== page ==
John Killick is a 73 year old man with a strong sense of perception and standing within the prisoner community having lived in it for over five decades. He was only recently released on parole in January 2015. As a reformed ex-prisoner his special story is that he’s observed the desperation of lifers, understanding the experiences of those whom have nothing to lose. Life prisoners whom are offered no hope and classed as ‘dangerous’ to other prisoners and to themselves. He has special experiences to share with the standing committee.
Having been in and out of the prison system since 1960, John Killick was seen as extremely dangerous, to be excluded for many decades from the general community and portrayed as an untrusted person within society. He may infamously be known as Australia’s first ‘decimal currency’ bank robber and remembered for his part in an audacious and desperate escape in a helicopter, at the risk of his own life and others. Today he stands as a man in balance with the community, surrounded by supportive family and friends around him, having completed a book of his experiences and about to publish a second. John represents a man previously isolated and distrusted; now having recovered, he exemplifies the philosophies of hope, and effective rehabilitation.
John grew up relatively trouble free, considering he had suffered abuse from his alcoholic father. His problems only started at the age of 17 when his mother committed suicide and this significant milestone led to a very disenfranchised youth to leave home at an early age (the very day his mother passed) only to fall into juvenile detention 7 months later after falling into a troublesome crowd. Since 1960 John has since frequently been in and out of prisons, a result of his crimes which were triggered by his self-proclaimed ‘devil’ – gambling.
Despite his early prison stint, John was a repeat-offender, with multiple prison stints during his life. He describes prison as ‘the very opposite of a normal society’ which instead fosters a different code of ethics. He described his period in Goulburn as a place which ‘was not rehab but brutal punishment and retribution, fuelling hate and recidivism, requiring a strong will.’ He describes the prison system as being overcrowded and understaffed with not enough programs to help people improve their situation. John attributed his psychological problem with gambling as underlying his criminal actions and led to his reoffending. During his early stints in prison he had received minimal support in managing this.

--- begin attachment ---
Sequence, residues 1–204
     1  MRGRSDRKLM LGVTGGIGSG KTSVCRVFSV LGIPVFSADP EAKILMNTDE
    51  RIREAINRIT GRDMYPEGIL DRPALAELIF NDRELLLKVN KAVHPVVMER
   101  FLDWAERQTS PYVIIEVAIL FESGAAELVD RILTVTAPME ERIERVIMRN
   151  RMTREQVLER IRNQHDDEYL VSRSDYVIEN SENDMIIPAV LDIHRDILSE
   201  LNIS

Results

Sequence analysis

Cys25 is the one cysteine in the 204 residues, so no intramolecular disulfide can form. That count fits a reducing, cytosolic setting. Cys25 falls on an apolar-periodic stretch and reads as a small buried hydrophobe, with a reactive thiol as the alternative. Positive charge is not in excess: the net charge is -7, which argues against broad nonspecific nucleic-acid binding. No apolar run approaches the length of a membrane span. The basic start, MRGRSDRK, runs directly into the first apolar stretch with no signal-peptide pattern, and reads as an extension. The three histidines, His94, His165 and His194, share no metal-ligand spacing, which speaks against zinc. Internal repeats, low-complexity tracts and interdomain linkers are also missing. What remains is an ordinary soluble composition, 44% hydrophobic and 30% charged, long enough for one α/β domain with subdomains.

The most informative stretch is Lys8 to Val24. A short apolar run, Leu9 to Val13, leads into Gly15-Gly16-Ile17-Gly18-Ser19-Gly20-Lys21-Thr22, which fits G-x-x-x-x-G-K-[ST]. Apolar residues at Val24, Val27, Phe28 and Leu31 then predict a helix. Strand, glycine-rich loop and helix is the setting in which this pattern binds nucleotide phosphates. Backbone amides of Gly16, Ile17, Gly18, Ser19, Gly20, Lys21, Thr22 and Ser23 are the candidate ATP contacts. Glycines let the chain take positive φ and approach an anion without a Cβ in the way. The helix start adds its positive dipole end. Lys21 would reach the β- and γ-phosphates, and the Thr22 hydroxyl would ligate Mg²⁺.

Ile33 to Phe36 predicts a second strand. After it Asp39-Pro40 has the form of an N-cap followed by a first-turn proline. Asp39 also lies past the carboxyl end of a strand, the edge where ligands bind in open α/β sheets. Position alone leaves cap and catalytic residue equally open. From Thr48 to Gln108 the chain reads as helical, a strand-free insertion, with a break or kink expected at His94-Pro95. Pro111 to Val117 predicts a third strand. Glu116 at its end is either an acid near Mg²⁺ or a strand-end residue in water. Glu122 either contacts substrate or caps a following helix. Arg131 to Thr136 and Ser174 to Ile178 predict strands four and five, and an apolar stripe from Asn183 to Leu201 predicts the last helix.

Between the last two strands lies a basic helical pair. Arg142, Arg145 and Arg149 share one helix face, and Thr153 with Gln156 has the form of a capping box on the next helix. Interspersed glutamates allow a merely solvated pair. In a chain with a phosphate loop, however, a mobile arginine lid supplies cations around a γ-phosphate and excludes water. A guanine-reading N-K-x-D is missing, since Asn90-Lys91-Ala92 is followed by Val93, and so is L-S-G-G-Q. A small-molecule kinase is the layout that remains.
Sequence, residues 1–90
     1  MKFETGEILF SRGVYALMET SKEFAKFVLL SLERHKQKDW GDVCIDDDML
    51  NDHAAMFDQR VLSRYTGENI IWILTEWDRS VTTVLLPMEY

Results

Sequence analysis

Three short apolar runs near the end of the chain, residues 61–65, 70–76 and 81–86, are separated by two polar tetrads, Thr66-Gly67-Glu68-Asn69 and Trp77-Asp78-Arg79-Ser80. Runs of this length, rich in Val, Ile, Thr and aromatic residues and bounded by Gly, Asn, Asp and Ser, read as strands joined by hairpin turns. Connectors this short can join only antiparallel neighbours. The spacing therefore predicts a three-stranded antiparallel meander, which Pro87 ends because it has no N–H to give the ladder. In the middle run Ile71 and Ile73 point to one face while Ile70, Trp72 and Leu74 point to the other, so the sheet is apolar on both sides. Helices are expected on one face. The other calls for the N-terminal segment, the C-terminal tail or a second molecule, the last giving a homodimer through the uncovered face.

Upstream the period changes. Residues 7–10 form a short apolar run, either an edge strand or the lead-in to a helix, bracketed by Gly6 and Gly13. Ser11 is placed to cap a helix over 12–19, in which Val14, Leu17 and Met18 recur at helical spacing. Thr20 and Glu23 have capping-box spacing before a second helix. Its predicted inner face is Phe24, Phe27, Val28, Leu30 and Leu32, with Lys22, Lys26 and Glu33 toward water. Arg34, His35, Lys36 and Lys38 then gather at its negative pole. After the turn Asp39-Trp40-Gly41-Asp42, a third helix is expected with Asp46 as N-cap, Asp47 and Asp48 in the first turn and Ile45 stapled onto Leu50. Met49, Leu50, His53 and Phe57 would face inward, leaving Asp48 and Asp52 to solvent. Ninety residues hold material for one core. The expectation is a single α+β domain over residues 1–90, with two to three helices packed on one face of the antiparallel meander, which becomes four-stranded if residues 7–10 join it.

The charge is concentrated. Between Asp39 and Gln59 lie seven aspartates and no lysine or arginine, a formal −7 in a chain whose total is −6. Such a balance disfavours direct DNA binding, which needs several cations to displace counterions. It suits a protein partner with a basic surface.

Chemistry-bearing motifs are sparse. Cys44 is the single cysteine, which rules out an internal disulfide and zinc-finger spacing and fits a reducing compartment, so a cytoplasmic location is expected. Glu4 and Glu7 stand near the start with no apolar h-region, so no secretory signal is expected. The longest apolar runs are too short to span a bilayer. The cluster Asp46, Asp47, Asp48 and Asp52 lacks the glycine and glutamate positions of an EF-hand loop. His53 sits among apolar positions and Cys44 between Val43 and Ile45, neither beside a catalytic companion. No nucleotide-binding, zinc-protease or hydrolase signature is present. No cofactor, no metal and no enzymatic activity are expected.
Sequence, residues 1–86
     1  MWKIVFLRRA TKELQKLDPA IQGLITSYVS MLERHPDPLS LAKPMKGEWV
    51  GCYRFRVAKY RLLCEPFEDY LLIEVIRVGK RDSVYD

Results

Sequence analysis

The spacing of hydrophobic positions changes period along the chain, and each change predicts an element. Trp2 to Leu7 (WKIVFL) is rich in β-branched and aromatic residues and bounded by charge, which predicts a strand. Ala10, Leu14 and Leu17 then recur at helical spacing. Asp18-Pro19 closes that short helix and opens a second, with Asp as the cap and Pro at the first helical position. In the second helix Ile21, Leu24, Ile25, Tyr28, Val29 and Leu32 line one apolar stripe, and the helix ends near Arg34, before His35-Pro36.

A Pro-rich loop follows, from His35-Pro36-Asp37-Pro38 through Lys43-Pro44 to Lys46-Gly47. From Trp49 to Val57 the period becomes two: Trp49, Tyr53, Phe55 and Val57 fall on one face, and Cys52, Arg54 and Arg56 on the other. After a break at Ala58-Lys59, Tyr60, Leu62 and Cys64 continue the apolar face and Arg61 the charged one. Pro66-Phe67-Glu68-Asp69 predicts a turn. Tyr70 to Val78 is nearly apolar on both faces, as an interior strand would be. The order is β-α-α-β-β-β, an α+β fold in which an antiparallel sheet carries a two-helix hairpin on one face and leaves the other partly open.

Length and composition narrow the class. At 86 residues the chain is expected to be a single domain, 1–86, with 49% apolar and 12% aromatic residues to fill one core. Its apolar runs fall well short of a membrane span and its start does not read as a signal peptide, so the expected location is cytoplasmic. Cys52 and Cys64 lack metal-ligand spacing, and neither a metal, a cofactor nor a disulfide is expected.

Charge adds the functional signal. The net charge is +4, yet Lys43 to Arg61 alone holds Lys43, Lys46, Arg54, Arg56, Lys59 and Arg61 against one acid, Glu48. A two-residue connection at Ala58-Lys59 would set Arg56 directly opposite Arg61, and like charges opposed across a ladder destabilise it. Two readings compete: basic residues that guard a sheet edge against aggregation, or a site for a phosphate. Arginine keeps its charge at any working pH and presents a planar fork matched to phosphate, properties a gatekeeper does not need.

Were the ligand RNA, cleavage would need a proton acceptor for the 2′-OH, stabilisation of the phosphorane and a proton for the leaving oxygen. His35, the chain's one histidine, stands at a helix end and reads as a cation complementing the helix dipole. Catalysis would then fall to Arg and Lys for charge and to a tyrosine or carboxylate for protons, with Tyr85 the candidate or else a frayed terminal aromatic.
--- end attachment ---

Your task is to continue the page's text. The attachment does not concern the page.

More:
During his time in prison very few prospects were offered to John, removing his chance of reintegration within the community. He was denied the opportunities to partake in the work crews or day releases, due to his high security classification. John relates his experiences of long-term prisoners being denied parole opportunities when eligible, because of a ‘lack of external leave’ (weekend leave, study leave or work leave). In fact, the prosecution cited this ‘lack of integration’ to quash his 2013 parole hearing. The experience led to a decline in his health and exacerbated his high blood pressure.
In 2007 and again in 2010 John was able to participate in two gambling courses that offered him gambling support and assisted him in managing his addiction and put him on the right road for successful rehabilitation. In 2010 he was also afforded the chance to undertake the ‘Violent Offenders Therapeutic Program’. In addition to these rehabilitative programs, they were also combined with educational support administered via correspondence with Strathfield TAFE, under the supervision of Carla Molina in writing courses (novel and short story).
This expounded on John’s previous studies in writing under Ian Mudie, with his involvement in writing and future publishing supported by both famous Victorian writer John Kerr and also renowned Professor, Ian Plimer. The ultimate result of these steps has been an effective rehabilitation of a man who has undergone a transition from a convicted armed robber to a valued member of society. John now enjoys visiting cafes and seeing movies with his family, as well as writing and publishing books.